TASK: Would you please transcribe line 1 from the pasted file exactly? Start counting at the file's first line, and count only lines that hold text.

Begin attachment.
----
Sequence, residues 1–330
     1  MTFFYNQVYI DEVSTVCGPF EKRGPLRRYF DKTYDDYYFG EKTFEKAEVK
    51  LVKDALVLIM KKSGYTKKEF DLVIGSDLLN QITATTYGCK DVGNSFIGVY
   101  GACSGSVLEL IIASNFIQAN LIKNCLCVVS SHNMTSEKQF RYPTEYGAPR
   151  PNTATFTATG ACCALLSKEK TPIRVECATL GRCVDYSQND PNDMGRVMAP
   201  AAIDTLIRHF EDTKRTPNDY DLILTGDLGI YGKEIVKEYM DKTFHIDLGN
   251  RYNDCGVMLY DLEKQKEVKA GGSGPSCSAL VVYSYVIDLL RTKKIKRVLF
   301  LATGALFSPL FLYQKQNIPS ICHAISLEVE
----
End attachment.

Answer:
Sequence, residues 1–330